Losing The Fight


Back in April 2012, my soon-to-be wife and I sat in a pair of nosebleed seats high in the rafters of the Prudential Center, New Jersey. This was our first NHL game and I remember being in awe at the perfectly painted white expanse before me as I took my seat.

Hidden somewhere in the stands, the organ was grinding out modern rock classics as names like Kovalchuk, Parise, Elias and Tavares (the Islanders were in town) flashed up on the jumbotron. I sat there with my $10 beer and a souvenir puck in my pocket taking it all in.


About 10 minutes and 2 goals into the game there was a thunderous hit behind the goal. Gloves were dropped, helmets were discarded and two players locked arms and proceeded to pummel each other in the face. Everyone erupted, jumped up.  It was as if someone had electrified all 18000+ seats in the arena. The atmosphere for that 1 minute was palpable as we all cheered for more blows to be landed. Finally, as the two fighters were led away, we sat back in our seats and resumed watching, beer drinking and cheering as normal.

That whole evening was a fantastic experience but, as I sit and remember it now, that fight sticks out as probably the most intense and enjoyable moment of the game. That’s not to say it wasn’t a good game, it was; but fighting has been one of the defining factors of hockey for so long that seeing it live was a special experience.

The Main Attraction?

For so many years the NHL has let fighting become a defining marker of the sport. It’s the one aspect of the game that you could argue is common knowledge even in non-hockey markets. Growing up in South Africa I knew nothing of the rules of the game, but popular belief amongst myself and my friends was that the game was a cross between boxing and field hockey on ice. Now perhaps in my particular case you can chalk that up to video games or films, but still it has to be acknowledged that the toughness and violence of hockey has always been one of its main attractions.

So what’s the big deal? Well, fighting in the NHL is on the decline. Last year 790 fighting majors were handed out to players. Compare this to the 2010/11 season where 1284 majors were recorded. Fighting in junior leagues has all but been outlawed with the Canadian Junior Hockey League (CJHL) handing down automatic game misconducts for anyone who dares to throw a punch. College hockey penalises players by ejecting them and suspending the offender for a minimum of 1 game.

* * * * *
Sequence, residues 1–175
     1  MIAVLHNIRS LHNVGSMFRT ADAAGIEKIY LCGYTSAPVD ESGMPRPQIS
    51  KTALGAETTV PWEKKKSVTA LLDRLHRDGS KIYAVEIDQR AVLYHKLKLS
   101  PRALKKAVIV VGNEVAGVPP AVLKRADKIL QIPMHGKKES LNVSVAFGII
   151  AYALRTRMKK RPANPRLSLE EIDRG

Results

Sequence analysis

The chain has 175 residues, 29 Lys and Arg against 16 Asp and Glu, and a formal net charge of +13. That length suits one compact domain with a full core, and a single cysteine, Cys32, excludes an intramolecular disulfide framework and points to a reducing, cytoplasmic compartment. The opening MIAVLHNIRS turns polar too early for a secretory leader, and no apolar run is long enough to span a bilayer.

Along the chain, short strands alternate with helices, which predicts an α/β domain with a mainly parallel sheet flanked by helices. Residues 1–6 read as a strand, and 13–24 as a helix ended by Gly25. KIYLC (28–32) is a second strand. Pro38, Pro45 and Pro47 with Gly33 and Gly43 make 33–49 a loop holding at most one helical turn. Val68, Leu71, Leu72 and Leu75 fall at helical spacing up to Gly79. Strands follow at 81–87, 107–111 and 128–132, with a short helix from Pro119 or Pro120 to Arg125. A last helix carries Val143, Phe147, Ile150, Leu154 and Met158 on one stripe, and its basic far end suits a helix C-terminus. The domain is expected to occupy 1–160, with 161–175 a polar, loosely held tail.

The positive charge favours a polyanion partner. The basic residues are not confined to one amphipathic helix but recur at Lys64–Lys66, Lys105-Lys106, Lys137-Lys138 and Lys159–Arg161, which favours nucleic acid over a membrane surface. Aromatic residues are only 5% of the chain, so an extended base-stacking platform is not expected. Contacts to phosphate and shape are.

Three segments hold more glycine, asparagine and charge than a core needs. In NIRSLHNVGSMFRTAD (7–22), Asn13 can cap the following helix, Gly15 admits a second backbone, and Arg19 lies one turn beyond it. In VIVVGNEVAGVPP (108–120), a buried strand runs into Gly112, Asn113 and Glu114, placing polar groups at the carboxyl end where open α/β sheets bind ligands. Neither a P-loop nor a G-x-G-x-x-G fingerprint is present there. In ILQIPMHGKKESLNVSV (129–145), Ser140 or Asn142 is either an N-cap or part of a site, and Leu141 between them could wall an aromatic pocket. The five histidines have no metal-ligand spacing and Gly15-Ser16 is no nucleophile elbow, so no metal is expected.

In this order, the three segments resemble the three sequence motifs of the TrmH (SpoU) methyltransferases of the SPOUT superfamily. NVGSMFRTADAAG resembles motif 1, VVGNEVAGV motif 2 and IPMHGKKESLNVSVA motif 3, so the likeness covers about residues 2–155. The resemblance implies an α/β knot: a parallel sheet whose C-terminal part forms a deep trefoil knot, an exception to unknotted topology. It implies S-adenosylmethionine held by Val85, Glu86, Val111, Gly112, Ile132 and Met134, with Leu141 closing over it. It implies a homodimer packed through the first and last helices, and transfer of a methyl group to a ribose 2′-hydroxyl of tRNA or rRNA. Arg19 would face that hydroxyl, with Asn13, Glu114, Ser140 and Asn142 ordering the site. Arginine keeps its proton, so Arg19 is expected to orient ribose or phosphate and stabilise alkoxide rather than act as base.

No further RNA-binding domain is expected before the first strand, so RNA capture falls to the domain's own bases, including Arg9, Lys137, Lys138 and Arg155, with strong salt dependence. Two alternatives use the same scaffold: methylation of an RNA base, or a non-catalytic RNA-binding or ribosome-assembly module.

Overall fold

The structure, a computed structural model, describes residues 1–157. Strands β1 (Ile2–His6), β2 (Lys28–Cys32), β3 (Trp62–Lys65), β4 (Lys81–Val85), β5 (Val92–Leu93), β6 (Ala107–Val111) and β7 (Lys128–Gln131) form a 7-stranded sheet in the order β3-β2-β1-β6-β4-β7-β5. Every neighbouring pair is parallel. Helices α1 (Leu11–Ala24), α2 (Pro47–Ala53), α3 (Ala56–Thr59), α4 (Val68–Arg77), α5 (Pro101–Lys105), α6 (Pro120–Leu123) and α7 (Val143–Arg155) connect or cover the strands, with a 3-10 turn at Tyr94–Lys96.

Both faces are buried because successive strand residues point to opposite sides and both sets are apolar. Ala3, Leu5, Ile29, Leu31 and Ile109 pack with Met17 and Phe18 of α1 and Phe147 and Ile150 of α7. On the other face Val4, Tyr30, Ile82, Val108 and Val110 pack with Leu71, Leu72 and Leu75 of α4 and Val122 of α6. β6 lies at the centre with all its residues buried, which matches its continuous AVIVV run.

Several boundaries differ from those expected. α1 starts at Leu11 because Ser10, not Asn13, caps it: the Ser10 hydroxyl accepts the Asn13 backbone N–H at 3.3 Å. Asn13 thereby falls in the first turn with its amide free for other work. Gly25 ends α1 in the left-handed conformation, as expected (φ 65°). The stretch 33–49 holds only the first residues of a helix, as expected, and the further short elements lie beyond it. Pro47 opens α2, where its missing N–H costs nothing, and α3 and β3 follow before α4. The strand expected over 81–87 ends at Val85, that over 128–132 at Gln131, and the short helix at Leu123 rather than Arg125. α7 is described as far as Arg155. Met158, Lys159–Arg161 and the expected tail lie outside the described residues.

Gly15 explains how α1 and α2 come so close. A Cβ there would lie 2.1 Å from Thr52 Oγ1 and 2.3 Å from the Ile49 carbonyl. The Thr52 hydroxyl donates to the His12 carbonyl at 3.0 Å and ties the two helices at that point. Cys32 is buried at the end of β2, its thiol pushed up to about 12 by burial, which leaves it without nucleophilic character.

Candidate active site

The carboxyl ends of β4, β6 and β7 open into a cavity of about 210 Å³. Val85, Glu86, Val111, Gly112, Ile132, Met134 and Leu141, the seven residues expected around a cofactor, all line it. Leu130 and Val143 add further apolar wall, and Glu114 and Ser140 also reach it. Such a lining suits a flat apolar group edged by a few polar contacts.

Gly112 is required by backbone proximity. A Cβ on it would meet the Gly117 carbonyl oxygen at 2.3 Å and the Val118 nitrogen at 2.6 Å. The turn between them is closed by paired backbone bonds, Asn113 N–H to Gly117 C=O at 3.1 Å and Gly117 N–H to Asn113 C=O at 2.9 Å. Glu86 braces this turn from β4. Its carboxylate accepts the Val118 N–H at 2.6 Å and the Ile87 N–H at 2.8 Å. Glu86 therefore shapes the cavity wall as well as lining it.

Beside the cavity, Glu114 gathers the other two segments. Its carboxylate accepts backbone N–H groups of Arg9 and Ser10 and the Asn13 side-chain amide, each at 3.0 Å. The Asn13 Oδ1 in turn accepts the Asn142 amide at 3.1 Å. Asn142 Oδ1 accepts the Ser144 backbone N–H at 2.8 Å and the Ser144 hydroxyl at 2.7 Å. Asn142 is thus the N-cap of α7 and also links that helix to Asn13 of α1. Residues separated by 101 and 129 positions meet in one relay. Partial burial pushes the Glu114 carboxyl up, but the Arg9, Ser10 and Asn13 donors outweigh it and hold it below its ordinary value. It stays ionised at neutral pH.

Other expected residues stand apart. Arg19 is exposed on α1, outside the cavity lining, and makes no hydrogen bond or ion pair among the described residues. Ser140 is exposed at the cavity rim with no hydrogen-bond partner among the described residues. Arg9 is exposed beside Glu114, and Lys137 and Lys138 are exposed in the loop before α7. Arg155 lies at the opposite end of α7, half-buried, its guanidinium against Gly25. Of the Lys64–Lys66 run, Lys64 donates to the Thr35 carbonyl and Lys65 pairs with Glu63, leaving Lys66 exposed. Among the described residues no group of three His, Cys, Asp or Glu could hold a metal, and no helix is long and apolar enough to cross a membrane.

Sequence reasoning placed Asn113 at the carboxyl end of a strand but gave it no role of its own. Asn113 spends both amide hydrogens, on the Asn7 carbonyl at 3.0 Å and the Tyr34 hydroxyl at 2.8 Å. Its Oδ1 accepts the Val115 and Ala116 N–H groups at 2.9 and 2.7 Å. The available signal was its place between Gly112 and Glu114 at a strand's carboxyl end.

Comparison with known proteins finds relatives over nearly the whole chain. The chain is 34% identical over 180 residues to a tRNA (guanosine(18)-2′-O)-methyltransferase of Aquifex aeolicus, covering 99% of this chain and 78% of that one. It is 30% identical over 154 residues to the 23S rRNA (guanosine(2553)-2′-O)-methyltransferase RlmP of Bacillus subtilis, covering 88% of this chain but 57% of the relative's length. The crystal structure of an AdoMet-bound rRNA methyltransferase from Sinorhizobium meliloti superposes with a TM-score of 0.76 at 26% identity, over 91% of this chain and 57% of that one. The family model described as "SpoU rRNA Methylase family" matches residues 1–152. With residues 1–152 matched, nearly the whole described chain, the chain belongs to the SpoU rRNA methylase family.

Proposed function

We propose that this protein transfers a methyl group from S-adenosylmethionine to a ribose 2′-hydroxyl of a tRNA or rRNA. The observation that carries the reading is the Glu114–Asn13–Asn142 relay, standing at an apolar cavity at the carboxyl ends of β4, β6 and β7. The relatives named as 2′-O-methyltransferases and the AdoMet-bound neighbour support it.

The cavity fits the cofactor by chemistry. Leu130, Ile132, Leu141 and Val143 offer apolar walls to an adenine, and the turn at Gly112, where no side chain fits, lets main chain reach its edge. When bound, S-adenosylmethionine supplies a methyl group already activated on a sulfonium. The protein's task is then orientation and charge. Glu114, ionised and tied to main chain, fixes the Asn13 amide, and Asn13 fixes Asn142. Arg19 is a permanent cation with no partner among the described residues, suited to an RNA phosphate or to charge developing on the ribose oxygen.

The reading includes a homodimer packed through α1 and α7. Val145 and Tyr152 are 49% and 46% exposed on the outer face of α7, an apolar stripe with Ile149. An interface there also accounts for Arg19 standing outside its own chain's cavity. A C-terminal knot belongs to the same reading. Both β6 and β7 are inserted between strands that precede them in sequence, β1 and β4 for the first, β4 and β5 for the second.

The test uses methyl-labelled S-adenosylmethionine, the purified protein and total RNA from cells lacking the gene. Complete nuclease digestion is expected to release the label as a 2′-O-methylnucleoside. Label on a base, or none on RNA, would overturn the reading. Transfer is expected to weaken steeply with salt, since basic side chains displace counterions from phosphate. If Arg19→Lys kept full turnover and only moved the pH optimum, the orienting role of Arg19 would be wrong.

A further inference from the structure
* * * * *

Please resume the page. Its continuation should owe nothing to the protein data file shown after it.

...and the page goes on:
Like it or not, hockey is losing one of its most unique features, a draw card that separates it from the other Big 4 sports. Now that might be less of a problem if the other aspects of the game were stepping up to fill the void. Instead, scoring is down, goalies are bigger and many argue that individual skill and flair is being discouraged with every second on the ice being heavily coached and monitored.

Finding a Replacement

That moment I experienced those few years ago in New Jersey will soon be gone, and right now there’s nothing to replace it. Now I know that fighting has major drawbacks – a quick internet search will reveal terrible injuries and life lasting damage to many of those who’ve partaken – but the NHL needs to realise a huge part of the game is being eroded and a void will remain until the game can replace that excitement and passion with something else.

I’m aware that I’m writing this as a hockey outsider, neither North American nor European. Nevertheless the Tie Domi’s, Joey Kocur’s and Bob Probert’s were a huge reason why I stayed up all those nights glued to ESPN. Their brazen courage and fearlessness drew me into the game while the skill and speed kept me there.

Cam Janssen and Michael Haley, those were the two players I witnessed going head-to-head that night in New Jersey –  players many people might dismiss as ‘goons’ or perhaps more kindly, ‘enforcers’. But, while their career points totals might not look like anything special; those two men stood toe-to-toe to each other, putting their health and careers on the line to stand up for their club and their team mates.

Does that not sum up hockey to you?

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